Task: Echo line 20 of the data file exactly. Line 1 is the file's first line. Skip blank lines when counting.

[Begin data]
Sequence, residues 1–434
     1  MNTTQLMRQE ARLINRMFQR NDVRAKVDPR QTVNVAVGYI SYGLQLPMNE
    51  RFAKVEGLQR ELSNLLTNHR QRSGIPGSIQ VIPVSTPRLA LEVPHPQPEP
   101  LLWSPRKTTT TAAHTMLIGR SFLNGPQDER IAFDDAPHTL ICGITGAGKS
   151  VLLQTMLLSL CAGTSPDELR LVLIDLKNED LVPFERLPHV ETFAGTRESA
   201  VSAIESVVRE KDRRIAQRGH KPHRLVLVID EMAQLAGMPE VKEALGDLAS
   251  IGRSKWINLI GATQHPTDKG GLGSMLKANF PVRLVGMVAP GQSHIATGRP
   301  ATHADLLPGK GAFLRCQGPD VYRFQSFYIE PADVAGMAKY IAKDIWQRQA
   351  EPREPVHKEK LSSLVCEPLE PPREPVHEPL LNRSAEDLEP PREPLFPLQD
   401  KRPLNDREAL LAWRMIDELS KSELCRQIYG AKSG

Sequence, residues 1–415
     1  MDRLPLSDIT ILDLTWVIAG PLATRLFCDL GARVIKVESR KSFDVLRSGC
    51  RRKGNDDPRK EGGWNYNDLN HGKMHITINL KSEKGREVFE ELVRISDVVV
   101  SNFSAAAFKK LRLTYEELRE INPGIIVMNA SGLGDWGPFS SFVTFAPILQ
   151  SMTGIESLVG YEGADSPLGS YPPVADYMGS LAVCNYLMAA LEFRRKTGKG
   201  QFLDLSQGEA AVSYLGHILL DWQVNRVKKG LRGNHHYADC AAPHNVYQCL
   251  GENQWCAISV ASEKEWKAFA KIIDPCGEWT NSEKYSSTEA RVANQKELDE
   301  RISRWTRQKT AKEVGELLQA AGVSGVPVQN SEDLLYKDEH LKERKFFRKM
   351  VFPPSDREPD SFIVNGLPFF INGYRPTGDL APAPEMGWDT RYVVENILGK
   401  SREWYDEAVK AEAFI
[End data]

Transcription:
   401  SREWYDEAVK AEAFI